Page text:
As London rent prices reach stratospheric heights, we visit the cheapest and most expensive parts of London to live. Words: Matt Hooper, Corey Armishaw, Natasha Bandlish
The town of Bedfont sits next to Hatton Cross tube station, which is the cheapest area in London to live. Located in South West London (well, it’s pretty much inside Heathrow Airport), the average monthly rent price is £324 a month. We popped along to get a feel for the location and to see why it’s such a bargain.
We stepped out of Hatton Cross tube station and were greeted by:
After asking where the nearest residential area was (we got lost; we initially went through the front door, but it turned out the back door had more going for it), we set off down Hatton Road.
There weren’t many people around, which wasn’t a promising start. However, there is a Zumba class in Bedfont, so there’s that. In fact, a Zumba lesson in Bedfont will set you back £5, compared to £3 in the most expensive part of London: Hyde Park Corner.
Here’s a house:
The thing about Bedfont is that there are approximately 25 horses to each human. Look, here are some:
Here are some more:
Located next to the footy club sits the local hangout spot, The Duke Of Wellington, an independently run pub.
We took a look inside, and found a lively, welcoming atmosphere.
The other thing about Bedfont is that the area is directly in the flight path.
Which means that
There are planes every few minutes
Hatton is not merely on the flight path, it is the flight path. Sitting at the end of the runway, Hatton welcomes a plane overhead on average of every 90 seconds, 24/7.
As you can imagine, this severely affects the house prices of the area. Campaign group HACAN (Heathrow Association for the Control of Airport Noise) estimate a third runway would effectively take away £1 million from house prices.
Not only is the noise a nuisance but research shows it can damage residents health. Disturbed sleep, prolonged exposure to noise and engine fumes all add to increasing risk of heart disease and increasing blood pressure.
Check out these angry residents complaints on this forum.
Heathrow will help pay for residents to install noise isolation in their homes, but residents still cannot leave windows open without being deafened by planes.
But why do people choose to live here? We spoke to Graham Roberts-Hunt of Roberts Hunt & Co Estate Agents, who told us that people like living there because of the “proximity to the airport and because it’s on the Piccadilly line.”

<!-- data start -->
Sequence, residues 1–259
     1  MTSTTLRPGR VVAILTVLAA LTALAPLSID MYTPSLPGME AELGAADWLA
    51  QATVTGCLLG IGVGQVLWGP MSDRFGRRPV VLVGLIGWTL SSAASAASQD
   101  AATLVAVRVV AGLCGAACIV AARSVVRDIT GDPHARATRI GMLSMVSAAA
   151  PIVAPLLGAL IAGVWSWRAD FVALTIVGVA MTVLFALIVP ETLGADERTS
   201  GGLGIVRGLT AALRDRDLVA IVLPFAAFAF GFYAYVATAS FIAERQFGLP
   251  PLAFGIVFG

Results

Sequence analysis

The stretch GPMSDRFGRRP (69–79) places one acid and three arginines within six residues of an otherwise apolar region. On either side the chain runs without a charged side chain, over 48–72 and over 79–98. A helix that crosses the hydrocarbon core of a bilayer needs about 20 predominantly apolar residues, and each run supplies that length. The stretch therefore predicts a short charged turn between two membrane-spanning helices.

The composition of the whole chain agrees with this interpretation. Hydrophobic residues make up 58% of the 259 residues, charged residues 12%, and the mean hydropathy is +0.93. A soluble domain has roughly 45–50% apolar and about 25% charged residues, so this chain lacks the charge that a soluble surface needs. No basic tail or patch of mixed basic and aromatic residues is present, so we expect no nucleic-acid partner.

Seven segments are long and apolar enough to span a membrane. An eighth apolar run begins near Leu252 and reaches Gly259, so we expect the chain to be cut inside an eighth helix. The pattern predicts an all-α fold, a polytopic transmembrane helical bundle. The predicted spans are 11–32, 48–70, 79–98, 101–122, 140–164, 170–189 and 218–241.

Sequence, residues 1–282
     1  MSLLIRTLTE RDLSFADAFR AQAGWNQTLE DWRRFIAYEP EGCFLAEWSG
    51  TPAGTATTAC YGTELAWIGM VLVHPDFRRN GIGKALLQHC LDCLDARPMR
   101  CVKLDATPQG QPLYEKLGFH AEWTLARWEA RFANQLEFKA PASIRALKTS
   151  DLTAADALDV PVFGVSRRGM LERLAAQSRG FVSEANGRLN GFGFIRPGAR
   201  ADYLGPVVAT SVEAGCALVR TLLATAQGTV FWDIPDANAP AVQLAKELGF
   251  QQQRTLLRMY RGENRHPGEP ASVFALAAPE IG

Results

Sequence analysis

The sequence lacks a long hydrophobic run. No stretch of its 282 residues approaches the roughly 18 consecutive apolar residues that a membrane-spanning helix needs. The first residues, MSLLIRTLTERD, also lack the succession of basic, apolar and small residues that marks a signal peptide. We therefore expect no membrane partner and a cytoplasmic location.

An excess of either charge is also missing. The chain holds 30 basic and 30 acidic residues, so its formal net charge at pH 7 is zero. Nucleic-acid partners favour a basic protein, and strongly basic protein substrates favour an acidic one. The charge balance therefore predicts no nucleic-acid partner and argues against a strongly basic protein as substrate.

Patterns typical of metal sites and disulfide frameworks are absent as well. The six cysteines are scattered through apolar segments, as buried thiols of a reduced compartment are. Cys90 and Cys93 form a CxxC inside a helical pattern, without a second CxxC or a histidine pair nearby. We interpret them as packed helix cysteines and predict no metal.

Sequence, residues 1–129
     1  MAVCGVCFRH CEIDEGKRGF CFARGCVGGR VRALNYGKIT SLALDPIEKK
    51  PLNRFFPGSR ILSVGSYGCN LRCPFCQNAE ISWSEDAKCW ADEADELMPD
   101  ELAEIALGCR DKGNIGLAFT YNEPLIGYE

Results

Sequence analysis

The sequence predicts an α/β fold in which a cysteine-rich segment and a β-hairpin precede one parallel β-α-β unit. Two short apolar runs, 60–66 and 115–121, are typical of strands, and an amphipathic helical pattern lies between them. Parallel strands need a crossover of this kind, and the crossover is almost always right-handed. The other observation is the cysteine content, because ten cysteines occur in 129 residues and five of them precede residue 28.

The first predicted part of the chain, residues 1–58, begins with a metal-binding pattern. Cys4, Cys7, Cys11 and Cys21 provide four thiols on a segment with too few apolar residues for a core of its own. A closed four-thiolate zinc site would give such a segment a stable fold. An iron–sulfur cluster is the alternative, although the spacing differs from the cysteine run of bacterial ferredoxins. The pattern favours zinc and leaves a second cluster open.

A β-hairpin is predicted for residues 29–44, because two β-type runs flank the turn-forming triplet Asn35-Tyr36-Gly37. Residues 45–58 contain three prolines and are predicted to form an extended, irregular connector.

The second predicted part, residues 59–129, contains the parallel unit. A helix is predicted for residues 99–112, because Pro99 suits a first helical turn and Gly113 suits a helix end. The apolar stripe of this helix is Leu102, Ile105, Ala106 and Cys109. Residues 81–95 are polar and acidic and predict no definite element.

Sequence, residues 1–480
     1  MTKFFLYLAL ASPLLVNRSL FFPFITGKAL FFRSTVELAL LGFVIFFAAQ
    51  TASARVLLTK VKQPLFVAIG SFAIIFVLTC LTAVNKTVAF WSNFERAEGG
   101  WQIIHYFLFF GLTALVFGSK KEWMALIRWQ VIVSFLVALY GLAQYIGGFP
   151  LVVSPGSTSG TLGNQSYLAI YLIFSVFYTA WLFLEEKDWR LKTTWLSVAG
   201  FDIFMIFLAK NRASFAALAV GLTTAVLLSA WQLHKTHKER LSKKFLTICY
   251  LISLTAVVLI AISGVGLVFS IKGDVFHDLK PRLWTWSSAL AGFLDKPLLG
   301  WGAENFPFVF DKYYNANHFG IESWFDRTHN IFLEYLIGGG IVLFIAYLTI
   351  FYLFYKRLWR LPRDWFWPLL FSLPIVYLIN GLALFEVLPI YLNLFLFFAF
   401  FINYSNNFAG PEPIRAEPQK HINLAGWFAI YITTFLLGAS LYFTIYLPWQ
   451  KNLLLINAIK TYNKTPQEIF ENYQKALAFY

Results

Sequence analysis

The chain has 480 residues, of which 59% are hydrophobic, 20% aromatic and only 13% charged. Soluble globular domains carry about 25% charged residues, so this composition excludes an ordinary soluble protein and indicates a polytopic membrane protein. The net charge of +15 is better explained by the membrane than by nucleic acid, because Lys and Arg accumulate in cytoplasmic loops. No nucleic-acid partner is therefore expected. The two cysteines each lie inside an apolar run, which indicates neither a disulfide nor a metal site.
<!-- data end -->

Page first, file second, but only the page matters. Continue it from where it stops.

We then got back on the Piccadilly line, and went to the most expensive part of London. Hyde Park Corner boasts an average monthly rent price of £2920 a month, which is almost 10x as much as Hatton Cross.
We got out of the station, and were greeted by a familiar face: a horse (well, two).
Even more coincidentally, we found ourselves passing the old house of the actual Duke of Wellington (as noted by the blue circular plaque)
Despite the high rent price, according to How Polluted Is My Road, there is greater road pollution here in Hyde Park Corner than next to Heathrow Airport.
Local attraction include a chocolate shop, a Louboutin boutique and this mini Waitrose.
Look some houses
We spoke to an estate agent (who wishes to remain anonymous), who said that people move to the area because of the “villagey feel”, as well as the proximity to the park, Paddington and Oxford Street.
After checking both locations out, it’s pretty evident why there is such a price difference between the two. Although the road pollution levels in Hyde Park are higher than Hatton Cross, in terms of location it is in the heart of London and has a lot more to offer. Hyde Park Corner boasts posh neighbours, less planes and a Little Waitrose. Hatton Cross is right by the airport and has a certain suburban charm.
It all depends on what you’re after really – and even better, there doesn’t appear to be a shortage of horses or Dukes of Wellington in either. The good news is that if it ever came down to choosing between Hatton Cross and Hyde Park Corner, we’d be falling asleep to the sweet sounds of plane engines overhead, because £2,920 per month is quite frankly a tad too much.